On Friday morning, the Tokyo Olympics kicked off with an opening ceremony that felt like an indictment of the Games as a whole. After a prerecorded video montage — something that already felt oddly out of place — the ceremony started with a single person running on a treadmill in a near-empty stadium. It was bleak, to say the least.
Part of the excitement of the Olympics is having so many people in one place, something that isn’t possible this summer. After postponing the events for a year due to the pandemic — hence why they’re still being branded as the 2020 Tokyo Olympics — officials have been hell-bent on making the Games happen despite pleas from public-health experts, a growing number of athletes testing positive for COVID-19, and [gestures wildly to an empty stadium] all of this. Earlier this month, officials announced that no fans would be allowed at the Olympics as Tokyo was under a COVID-19-related state of emergency. On Friday, Tokyo’s National Stadium, which can hold 68,000 people, had just a tiny fraction of its seats filled.
Also notably missing from the opening ceremony: many of the athletes. Olympic-sanctioned pandemic precautions are in large part responsible for these athletes’ absence, as they can only arrive in Japan five days before their event, meaning some competitors haven’t arrived in the country yet. As the New York Times noted, Canada has 370 athletes competing in the Tokyo Games, but only 30 or 40 marched in the ceremony. Simone Biles and the U.S. women’s gymnastics team were also not in attendance, with a spokesperson saying they were “focused on preparation.” Soccer player Alex Morgan tweeted that she and the rest of the U.S. women’s soccer team would be “parading around the hotel in our opening ceremony outfits” and preparing for their second game rather than participating in the opening ceremony.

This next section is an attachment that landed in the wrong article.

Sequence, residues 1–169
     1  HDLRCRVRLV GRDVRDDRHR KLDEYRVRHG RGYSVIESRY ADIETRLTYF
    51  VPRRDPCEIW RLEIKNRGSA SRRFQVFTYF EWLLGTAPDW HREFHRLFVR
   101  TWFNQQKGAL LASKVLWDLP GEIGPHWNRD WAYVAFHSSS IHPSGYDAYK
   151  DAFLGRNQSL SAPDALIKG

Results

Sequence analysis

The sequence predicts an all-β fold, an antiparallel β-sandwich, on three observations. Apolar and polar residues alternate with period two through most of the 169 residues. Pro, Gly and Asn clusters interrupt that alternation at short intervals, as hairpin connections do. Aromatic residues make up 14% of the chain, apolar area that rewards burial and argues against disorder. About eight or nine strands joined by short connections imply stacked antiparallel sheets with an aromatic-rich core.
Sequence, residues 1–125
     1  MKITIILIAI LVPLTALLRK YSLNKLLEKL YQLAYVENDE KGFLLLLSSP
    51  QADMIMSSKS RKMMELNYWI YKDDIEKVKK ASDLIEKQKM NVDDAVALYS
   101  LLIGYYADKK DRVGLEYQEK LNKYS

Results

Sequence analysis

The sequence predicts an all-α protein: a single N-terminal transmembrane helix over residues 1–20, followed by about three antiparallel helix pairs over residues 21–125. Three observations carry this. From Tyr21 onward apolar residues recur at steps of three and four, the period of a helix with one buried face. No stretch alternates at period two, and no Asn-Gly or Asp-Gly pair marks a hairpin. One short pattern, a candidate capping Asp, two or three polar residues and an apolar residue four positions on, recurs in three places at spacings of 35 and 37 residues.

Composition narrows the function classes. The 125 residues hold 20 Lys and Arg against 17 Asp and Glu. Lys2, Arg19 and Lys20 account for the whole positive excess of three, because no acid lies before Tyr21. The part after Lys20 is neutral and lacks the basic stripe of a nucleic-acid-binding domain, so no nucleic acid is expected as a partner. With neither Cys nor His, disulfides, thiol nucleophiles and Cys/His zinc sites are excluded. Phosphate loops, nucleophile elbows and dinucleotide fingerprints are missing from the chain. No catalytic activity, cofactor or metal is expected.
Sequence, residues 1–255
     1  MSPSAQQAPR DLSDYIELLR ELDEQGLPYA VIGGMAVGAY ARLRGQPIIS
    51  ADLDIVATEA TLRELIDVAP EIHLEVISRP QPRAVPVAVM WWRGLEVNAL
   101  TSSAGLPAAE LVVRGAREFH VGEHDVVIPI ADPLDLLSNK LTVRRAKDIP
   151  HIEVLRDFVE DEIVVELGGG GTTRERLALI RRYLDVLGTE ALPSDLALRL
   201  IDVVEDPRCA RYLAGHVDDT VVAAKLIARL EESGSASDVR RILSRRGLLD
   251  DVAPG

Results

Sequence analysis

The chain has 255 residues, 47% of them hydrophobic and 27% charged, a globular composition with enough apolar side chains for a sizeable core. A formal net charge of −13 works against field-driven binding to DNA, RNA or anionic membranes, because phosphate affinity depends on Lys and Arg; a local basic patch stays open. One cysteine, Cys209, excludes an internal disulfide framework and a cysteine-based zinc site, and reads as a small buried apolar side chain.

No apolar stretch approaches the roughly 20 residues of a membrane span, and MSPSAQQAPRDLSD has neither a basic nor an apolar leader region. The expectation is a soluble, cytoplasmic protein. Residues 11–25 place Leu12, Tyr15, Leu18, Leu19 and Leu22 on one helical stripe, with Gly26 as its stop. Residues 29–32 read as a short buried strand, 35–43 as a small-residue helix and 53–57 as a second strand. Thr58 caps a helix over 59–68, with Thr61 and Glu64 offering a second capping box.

Adding to the dystopian atmosphere, you could hear the voices of hundreds of protestors outside of the stadium during quieter moments of the opening ceremony. Leading up to today’s events, the Japanese public has been vocal about their opposition to the Games, with 83 percent of those polled in a May survey saying they did not want the Olympics to take place. By June, 10,000 of the event’s 80,000 volunteers had quit.
While the Olympics are usually cause for international celebration, this year’s events feel decidedly less so — and not just because of the pandemic. From the IOC’s opposition to protests to early favorite Sha’Carri Richardson’s ban from Team USA, the Olympics have come to seem less like a leisurely escape and more like another grim symbol of the state of the world. Throughout the opening ceremony, thousands of empty seats loomed in the background — a visceral reminder that maybe this year’s Games shouldn’t be happening at all.